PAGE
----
Cuban supporter Danial Espino Delgado waves a Cuban flag in front of the country’s embassy after it reopened for the first time in 54 years July 20, 2015, in Washington, D.C. The embassy was closed in 1961 when U.S. President Dwight Eisenhower severed diplomatic ties with the island nation after Fidel Castro took power in a communist revolution.
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For the first time in 50 years, Cuba and the U.S. will have embassies on each other’s soil, one more step in rebuilding the relationship that was shattered decades ago, USA Today reports.

According to the report, on Monday the Cuban flag will officially be raised in Washington, D.C., as part of a daylong series of events to celebrate the opening of a full Cuban Embassy, which will be 2 miles from the White House. The building had reportedly served as a Cuban Interests Section where visas and other basic consular services were processed.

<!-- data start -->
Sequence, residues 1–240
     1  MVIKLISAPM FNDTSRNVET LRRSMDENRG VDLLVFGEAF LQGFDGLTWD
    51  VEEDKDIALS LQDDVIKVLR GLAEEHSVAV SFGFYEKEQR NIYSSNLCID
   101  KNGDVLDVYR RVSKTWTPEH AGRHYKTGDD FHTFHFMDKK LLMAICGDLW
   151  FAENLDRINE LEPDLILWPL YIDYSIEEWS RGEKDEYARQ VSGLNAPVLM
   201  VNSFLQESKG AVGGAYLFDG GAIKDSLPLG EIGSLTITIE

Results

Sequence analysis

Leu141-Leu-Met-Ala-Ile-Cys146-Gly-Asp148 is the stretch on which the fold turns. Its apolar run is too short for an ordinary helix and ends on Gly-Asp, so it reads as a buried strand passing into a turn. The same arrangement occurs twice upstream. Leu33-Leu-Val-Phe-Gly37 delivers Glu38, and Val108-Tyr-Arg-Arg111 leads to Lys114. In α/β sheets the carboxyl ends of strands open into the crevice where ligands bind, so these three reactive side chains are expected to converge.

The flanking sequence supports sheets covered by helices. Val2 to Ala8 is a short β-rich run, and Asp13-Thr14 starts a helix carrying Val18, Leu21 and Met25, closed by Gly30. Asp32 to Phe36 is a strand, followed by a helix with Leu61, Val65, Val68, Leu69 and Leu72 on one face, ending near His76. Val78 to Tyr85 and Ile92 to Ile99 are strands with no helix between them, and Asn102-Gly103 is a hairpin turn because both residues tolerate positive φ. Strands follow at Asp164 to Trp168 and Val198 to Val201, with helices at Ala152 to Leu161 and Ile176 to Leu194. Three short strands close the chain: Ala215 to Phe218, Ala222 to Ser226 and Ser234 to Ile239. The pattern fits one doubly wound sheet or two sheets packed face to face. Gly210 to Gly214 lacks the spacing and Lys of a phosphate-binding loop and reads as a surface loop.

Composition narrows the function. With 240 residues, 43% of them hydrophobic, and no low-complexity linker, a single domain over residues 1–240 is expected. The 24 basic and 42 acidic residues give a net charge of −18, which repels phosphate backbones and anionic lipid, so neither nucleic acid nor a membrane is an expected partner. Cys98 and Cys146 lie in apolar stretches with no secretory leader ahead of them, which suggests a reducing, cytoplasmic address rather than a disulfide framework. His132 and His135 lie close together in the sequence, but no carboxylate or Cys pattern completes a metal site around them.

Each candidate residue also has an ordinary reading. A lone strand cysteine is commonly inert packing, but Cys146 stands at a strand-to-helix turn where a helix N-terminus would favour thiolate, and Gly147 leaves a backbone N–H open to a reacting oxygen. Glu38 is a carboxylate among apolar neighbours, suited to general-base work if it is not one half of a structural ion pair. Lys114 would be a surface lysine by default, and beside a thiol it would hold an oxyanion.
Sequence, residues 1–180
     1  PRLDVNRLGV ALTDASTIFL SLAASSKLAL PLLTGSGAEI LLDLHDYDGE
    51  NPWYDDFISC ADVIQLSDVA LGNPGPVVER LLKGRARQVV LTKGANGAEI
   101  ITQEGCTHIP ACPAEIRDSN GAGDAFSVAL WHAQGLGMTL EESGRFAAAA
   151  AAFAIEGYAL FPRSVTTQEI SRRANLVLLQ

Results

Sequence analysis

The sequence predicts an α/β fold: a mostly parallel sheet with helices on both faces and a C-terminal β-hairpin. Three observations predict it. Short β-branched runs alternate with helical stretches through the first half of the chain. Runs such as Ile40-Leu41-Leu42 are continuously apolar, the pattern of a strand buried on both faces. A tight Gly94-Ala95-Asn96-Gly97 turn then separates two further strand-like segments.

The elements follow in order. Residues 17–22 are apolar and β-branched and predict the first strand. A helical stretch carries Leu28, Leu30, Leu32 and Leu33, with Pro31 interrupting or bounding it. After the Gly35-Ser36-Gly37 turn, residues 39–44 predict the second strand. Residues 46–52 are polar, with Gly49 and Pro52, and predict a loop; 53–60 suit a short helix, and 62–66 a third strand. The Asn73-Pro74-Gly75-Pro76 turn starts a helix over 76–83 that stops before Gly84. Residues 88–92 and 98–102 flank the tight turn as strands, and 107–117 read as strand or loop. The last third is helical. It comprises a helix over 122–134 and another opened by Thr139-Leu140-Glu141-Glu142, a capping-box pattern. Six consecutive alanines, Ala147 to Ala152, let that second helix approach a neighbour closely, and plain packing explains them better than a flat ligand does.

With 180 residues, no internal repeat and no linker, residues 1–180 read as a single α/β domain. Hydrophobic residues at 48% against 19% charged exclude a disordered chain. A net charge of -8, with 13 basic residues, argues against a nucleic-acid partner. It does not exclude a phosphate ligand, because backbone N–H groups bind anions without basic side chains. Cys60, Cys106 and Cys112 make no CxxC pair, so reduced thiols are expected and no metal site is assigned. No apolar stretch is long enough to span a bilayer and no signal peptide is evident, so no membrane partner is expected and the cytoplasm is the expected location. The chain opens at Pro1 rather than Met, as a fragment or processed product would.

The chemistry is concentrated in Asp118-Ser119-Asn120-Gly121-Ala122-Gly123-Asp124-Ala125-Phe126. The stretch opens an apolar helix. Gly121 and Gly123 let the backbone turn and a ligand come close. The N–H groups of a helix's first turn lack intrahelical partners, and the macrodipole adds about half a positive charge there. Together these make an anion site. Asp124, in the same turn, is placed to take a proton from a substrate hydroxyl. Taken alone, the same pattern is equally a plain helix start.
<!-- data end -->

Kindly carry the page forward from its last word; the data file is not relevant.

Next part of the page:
U.S. Secretary of State John Kerry will be at a joint news conference with Cuba’s Foreign Minister Bruno Rodriguez at the U.S. State Department later today, where the Cuban flag will formally be added to the assortment of flags from countries that have formal relations with the U.S., USA Today notes.

Kerry will then travel to Cuba later in the summer for a similar ceremony and raising of the American flag outside the building of the U.S. Interests Section in Cuba’s capital, Havana, which, starting Monday, will serve as the U.S. Embassy.

Read more at USA Today.

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